Interview with Justin Ordoñez
Crimson Flower Reviews Welcomes Justin Ordoñez!
Justin Ordoñez was born in Spain, raised in the mid-west, and currently lives in Seattle. He’s nearly thirty years old, almost graduated from the University of Washington, and prefers to wait until TV shows come out on DVD so he can watch them in one-shot while playing iPad games. For fifteen years, he has written as a freelance writer, occasionally doing pieces as interesting as an editorial, but frequently helping to craft professional documents or assisting in the writing of recommendation letters for people who have great praise for friends or colleagues and struggle to phrase it. Sykosa is his debut novel. Learn more about Justin and Sykosa at http://www.sykosa.com
When did you first realize you wanted to be a writer? I first realized it when I was in first grade. I wasn’t a good reader, not that anyone is in first grade, but I was definitely behind everyone in my class. Yet, I loved the idea of writing, and I was very impressed by the accomplishment of a book. It felt unique. I was very into sports as a kid, though I didn’t associate “success” or “accomplishment” with scoring a touchdown or hitting the ball, I was associated it with something artistic, and the most frequent association was novel writing. As a kid, it’s a very natural process, you don’t really self-examine a whole lot, so I just kinda toiled around my life thinking about books and writing and never really connected the two. It wasn’t until high school that I really had a moment where I thought, “Gee, I want to be a writer,” but that moment was a long time in the making.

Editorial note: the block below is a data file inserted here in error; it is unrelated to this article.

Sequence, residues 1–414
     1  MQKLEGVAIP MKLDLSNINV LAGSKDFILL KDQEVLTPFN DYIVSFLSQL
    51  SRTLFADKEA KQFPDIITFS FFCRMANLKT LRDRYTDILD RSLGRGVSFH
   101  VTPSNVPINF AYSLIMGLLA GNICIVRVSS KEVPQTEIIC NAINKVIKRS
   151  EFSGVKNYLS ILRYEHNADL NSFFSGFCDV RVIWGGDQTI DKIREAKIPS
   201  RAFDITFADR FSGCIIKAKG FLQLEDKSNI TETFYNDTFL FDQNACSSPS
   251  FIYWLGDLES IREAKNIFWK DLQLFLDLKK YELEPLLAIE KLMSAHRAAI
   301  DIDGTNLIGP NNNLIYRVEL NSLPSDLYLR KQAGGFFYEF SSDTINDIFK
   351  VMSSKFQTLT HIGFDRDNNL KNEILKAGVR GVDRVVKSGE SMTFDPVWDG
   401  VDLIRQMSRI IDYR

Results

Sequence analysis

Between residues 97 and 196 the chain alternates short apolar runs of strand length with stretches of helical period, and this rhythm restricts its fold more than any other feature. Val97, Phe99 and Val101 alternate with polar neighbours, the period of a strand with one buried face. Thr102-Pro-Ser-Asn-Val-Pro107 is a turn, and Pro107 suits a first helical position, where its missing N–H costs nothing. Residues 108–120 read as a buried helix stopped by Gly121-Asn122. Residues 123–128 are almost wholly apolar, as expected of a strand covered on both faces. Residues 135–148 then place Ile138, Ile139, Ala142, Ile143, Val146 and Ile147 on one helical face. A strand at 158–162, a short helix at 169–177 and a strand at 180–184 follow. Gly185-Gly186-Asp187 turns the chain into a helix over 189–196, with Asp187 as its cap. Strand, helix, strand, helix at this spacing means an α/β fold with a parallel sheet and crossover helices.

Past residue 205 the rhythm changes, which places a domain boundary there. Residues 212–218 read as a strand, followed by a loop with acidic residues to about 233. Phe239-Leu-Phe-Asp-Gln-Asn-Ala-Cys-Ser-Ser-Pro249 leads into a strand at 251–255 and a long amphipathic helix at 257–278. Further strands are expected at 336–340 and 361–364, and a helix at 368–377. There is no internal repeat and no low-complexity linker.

What would you say is your interesting writing quirk?
You might be surprised by this, but I think people “show” too much and “tell” too little. Just today, in fact, I had a conversation with a creative writing student who said, “In school, they teach us in the lower levels, ‘show, don’t tell,’ then in the higher levels, they tell me, ‘sometimes, you need to tell.'” This is very true. Sometimes the best way to relay information, the best way to advance the story, is to just lay it out there. Use your power as a narrator to add depth and richness to the story, don’t always depend on thematic elements and metaphors and action. The dramatic voice is a very powerful one. Ask yourself which is better: “Mandy sat back, her eyebrows coming together and her mouth crinkled up,” or, “Mandy sat back, pissed off and tired of this crap.” There’s many different ways to “show” it, but the description seems lifeless, almost passive and uninvolved. The second is a “telling” statement, but it relays the emotional state in an engaged manner.
What was one of the most surprising things you learned in creating your books?